Nicola Carroll interviews Kevin Barrington about
his new e-book ‘I love the Internet’
Kevin Barrington has lived dangerously. He spent most of the 1990s working as a freelance war correspondent in Cambodia, for the UN in the Congo and the Ivory Coast before a love interest took him to Hollywood and a job in the advertising industry. Now back in Dublin – a place he finds far too small and incestuous, but a safe haven – he’s learnt when he needs to take cover.
Kevin is a wounded greyhound. He is fighting illness and has been undergoing harrowing medical treatment for the last year. Finding himself temporarily unable to travel abroad, he now escapes, by blogging and writing poetry, to a place where he finds he can run free and fast. He recently ran in to some trouble with the ridiculous Declan Ganley who sued after Barrington had conducted a long-term campaign questioning his honesty and mandate. Barrington was divested of a nominal sum in one of the first cases of defamatory tweetings.
He describes himself as a reporter and his poems as a medium for reporting the internalised human condition. There are stories of love, art, addiction, illness, friendship and politics in this collection of fifteen poems. He calls each poem a circus act with an edge and he is the ringmaster. He plays with language and his poems are crafted for oral impact, with the punch of an expert copywriter and wordsmith. There’s an awkward, anarchic brilliance here, filtered through his characteristic unfailingly-friendly ‘come hear ‘til I tell you’ nature.
There’s an awkward, anarchic brilliance here, filtered through his characteristic unfailingly-friendly come hear ’til I tell you nature
This book is dedicated to Kevin’s sister Eileen who he describes as a “dote’’. Eileen and her family provide Kevin with the space, shelter and peace he needs while he is replenishing his energy before getting back into the field. His young niece and nephew have influenced the playful tone of many of his poems. Kevin’s own intellectual agility was nurtured early, growing up in Monkstown in an environment of challenging sibling ‘intellectual sparring’. There is no end to the achievements of his family; and no space to go into them.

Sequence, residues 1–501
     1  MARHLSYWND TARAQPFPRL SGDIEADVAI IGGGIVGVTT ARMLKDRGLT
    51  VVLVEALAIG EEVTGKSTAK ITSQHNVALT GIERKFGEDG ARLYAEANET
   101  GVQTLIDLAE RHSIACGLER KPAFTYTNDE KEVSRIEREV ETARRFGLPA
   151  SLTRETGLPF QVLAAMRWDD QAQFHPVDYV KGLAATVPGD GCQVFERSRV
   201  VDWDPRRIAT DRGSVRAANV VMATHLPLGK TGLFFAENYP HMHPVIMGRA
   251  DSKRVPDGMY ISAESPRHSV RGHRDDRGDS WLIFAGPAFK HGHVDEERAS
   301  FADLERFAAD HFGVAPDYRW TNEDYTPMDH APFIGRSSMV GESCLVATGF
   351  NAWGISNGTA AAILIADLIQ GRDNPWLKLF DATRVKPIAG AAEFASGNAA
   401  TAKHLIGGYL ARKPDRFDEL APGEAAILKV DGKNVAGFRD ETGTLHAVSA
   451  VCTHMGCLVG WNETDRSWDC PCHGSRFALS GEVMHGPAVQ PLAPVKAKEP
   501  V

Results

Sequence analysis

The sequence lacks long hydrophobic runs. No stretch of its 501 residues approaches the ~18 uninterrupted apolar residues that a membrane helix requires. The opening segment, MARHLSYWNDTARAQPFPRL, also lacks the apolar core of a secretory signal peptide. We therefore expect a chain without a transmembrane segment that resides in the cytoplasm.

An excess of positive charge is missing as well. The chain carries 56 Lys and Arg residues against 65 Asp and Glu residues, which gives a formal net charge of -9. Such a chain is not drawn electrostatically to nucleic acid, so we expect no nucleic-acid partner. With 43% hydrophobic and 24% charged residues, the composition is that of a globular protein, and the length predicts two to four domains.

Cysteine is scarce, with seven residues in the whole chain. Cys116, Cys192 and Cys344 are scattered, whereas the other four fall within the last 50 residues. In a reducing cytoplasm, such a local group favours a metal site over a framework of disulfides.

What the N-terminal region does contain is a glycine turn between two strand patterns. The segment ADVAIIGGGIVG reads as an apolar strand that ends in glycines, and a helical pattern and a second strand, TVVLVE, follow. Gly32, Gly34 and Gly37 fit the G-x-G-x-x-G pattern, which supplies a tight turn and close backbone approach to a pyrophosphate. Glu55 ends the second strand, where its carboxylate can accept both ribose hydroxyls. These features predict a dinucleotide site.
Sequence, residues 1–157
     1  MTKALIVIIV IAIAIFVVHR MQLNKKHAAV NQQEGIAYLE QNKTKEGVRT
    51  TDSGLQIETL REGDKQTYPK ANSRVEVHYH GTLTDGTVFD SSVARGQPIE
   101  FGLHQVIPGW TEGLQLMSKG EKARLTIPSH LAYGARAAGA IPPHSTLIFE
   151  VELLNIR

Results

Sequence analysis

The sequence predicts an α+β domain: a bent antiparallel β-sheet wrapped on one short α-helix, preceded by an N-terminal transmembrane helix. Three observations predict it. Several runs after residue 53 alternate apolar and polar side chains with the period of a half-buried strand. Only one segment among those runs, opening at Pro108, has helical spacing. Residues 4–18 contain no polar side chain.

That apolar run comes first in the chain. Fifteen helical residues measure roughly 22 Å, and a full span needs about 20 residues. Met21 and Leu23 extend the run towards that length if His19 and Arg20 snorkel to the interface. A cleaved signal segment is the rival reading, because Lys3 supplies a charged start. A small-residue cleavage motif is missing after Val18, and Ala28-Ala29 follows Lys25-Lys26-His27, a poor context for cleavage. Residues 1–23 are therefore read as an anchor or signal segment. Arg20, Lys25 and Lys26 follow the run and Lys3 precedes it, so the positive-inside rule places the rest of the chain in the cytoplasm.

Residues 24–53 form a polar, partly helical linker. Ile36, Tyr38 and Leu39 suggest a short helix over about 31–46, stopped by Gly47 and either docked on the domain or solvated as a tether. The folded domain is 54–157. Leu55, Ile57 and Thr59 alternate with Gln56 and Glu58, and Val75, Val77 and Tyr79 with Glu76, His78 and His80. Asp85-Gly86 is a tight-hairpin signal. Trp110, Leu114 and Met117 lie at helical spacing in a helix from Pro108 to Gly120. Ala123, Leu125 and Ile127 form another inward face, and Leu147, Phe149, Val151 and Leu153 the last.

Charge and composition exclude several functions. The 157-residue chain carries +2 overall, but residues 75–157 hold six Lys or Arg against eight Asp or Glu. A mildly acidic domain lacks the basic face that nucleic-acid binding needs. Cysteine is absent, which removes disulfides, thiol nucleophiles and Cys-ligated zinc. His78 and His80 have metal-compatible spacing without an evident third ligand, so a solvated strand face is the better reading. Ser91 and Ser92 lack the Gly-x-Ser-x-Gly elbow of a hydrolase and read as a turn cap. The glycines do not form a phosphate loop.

Kevin’s philosophy is simple: it’s about respect. He believes in taking no more than your fair share from this planet and society. Capitalism he says once had its place, now it is the very few destroying the planet for the many. He says that what we dismiss as inefficiencies, like once waiting three years for a telephone to be installed, did perhaps actually spread real gain to others. He says it is time for assertiveness with current forms of commerce. It is not good enough to be promised jobs as a short-term gain when the cost to the future is too high:
“What is the price to social services when the Irish government permits a 2% corporate tax to be paid in exchange for a handful of jobs? Our politicians are too impressed by the Googles and Apples of this world. Johnny public is not winning. These companies are all about image. We need to use their image against them and shame them into paying their fair share of tax’’.
The title poem of this volume is central to Kevin’s political position and vision. He loves the internet “Cos it’s ours’’. He wrote this poem in response to the recent Oireachtas Communications committee session on Social Media which he says was a “witch-burning session”. His view is “stifle the internet and you stifle the only means of defence there is left’’. Barrington says control of social media is an attempt to disenable dissent and the freedom made possible by telecommunications. He recognises that social media are open to the type of abuse and “bawdy bullshit’’ that is inherent in human nature, acknowledging that ‘’Twitter lends itself to abuse like the telephone lends itself to gossip’’.
The Internet is a thing of beauty and wonder – it is journalism by the people for the people. He talks about the Internet at its best being a form of “journalistic rugby”, where a story is skilfully and gracefully passed and spun from one writer to the next as natural momentum advances knowledge and wisdom.
The digital revolution is the Great Leveller – with the capacity to invert democracy and the vertical structure of society by making “access to knowledge horizontal”. He refers to the leaderless Occupy movement as part of the same global movement of levelling.
The book itself is a manifestation of Barrington’s idealism and vision. Many of the edgy contemporary illustrations were commissioned for his poems. The transnational publication team and illustrators were “crowd sourced” through ‘Political World’ online discussion forum.
President Hoover commented of America during the height of the Depression: “What this country really needs is a great poem. Something to lift people out of fear and selfishness”. Ireland is in desperate need of an original and inspiring poem right now and Kevin Barrington could be the one writing it.
‘I love the Internet’ by Kevin Barrington can be bought online with an audio option for €5 @ www.itsapoeticalworld.com.